The last time I voted was in November 2008 during council elections in Jos, Plateau State.
Considering the tensions that have characterized elections in the state and the precarious religious and ethnic fault lines that scar the face of the city of my birth, the police made a show of “deploying” thousands of police officers to ensure “peaceful conducts of the polls.”
A day before the elections, convoys of heavily armed security agents snaked around the city, sirens wailing like crazed banshees, officers scowling down open trucks at people going about their businesses. It was a grandiose show of force that was as effective as clouds would be as bricks in a wall.
That display, meant to be reassuring, was, in fact, intimidating and a painful reminder that perceptions of elections as war is a dangerous slope we have been put on. It is a grim reminder that innocent citizens have to die, sacrificed on the altar of avarice, for someone to occupy some office.
But despite that show of force and the thousands of police deployment, those elections were far from peaceful. On the night of the elections, violence broke out at the collation centre. As is the nature of violence in Jos, this one too was between Muslims and Christians. The killings continued for two days. Two days in which the desperate residents looked for those thousands of police officers deployed to ensure their safety. Two days in which 761 people were killed, according to data by Human Rights Watch.
When news broke last week that the Nigeria Police had deployed 31, 000 officers to ensure peaceful conduct of elections in Edo State, it was memories of these wailing and disappearing convoys of police officers that were foremost on my mind.
Of course, the elections in Edo threw up colourful confetti of things to be considered. The obvious being the brutal beating of the ruling party in a state they had previously controlled, by a candidate that had, previously, up to only a few months before, been theirs. The other, I suppose, is the woeful performance of the godfathers—Tinubu and Oshiomole, both reduced to favourite meme characters. Maybe that has nothing to do with the waning prowess of the two but the rising profile of Nyesome Wike, who for some time has been fashioning himself into a godfather figure, the likes of which the PDP has been lacking since they lost power in 2015. The likes of which Nigeria could, in all honesty, do without. Elections should not be impositions. They should not be treated as war either, as those elections in Jos were, and as most elections in Nigeria have been.
Considering the realities of the country, these 31, 000 thousand officers deployed to Edo would have been best deployed in the villages (or wilderness) of Katsina, Sokoto, Zamfara, Kebbi, Kaduna or even the northeast, where hundreds of Nigerians are being killed and their villages decimated daily by the ubiquitous bandits as if we are living in the dark ages where rape and plunder were the norms.
What resonated for me, and I am sure for many Nigerians, is the premium placed on elections, which, is sane societies, should be largely peaceful affairs, over the lives and wellbeing of the plundered wilderness that our villages have become. What is even sadder is the realization that the premium is not placed on the elections themselves because, in reality, they are only means to an end. The end in this case is the acquisition of power.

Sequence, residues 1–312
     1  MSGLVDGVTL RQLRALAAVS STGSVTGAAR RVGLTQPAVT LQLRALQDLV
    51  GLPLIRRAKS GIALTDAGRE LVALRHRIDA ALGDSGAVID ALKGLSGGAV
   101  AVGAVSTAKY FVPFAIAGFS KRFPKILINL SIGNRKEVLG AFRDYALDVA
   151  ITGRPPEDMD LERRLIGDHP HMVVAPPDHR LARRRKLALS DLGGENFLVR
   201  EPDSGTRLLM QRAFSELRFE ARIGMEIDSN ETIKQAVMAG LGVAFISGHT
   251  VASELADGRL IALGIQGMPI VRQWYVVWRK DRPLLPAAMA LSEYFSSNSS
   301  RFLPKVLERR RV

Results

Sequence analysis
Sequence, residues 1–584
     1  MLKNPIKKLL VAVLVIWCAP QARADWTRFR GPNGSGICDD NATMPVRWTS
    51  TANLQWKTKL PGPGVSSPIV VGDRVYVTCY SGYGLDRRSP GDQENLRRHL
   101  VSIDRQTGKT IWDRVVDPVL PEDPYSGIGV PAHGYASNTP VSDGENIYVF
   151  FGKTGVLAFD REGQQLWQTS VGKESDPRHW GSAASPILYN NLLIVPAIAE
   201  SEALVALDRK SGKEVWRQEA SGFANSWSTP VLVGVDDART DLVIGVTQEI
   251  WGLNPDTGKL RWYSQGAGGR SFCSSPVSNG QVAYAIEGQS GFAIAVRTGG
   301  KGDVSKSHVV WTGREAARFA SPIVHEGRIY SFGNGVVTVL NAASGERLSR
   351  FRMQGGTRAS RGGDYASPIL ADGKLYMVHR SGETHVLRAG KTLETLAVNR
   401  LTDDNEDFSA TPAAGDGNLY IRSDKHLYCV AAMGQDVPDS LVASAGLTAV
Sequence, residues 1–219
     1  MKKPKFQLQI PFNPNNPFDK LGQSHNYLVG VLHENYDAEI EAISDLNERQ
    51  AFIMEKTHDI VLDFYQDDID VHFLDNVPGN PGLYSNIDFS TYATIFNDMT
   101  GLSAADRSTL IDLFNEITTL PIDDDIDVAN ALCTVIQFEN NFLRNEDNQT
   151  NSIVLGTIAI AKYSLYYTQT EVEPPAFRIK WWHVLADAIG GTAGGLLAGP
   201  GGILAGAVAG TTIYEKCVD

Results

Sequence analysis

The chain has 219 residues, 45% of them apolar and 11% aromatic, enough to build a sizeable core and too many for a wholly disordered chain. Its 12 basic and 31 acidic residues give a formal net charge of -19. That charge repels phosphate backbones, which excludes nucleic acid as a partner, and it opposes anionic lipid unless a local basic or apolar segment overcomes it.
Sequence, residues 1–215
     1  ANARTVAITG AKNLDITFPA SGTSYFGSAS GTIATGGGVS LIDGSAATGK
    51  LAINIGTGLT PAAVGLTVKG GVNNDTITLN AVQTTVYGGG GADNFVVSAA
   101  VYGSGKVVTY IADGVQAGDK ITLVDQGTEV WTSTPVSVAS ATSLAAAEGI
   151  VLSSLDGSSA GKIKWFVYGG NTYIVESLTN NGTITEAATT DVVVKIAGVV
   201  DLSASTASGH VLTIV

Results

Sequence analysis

Why is that so important? Because of all the resources Nigeria is endowed with, the most precious, I have come to realise, is that ephemeral one called power. The source of so much wealth in this country. If Forbes were to compile a list of rich politicians in the world, I am sure you would find many Nigerians on the list.
And since conflicts are driven by the need to acquire resources, it is not unexpected that those in search of power would conjure conflict to secure or advance their interest. It is the desire to acquire this resource that has informed the formation of political parties in this country. These parties are not motivated by the great ideas that have driven the political parties across the world. To understand their motives, one only has to look at their slogans. They mostly have “power” in them. And also the way politicians swap parties as one would his kaftan.
So when 31, 000 police officers are posted to supervise the conduct of elections in a state, it is not necessarily to secure the lives of the electorates but to ensure the successful acquisition, or protection of power. And this sometimes means by any means necessary, such as demonstrated during the Kogi and Kano elections where these “thousands” of police officers were actively caught using their weapons and the powers vested in them to arm-twist the will of the electorates.
So in reality, the 31, 000 are there to neutralize anything that threatens power. Anything, including the electorates, who if they are not killed during elections are fair game to bandits and Boko Haram afterwards. The loss of their lives is one the state can endure without bothering to mobilise 31, 000 police officers to secure them.
Leaving aside the mathematical gymnastics involved in these deployments, (or call it the Nigerian factor if you like) coming to that realization in Jos, after many people were killed and the politicians they voted for were more concerned with securing office than even offering support or kind words to the victims was a painful eye-opener.
Unless the principal focus of Nigeria and the people who run it shifts from the quest for power to actually caring about the lives of people, we are going to be drifting in this shit creek without a paddle for a while longer.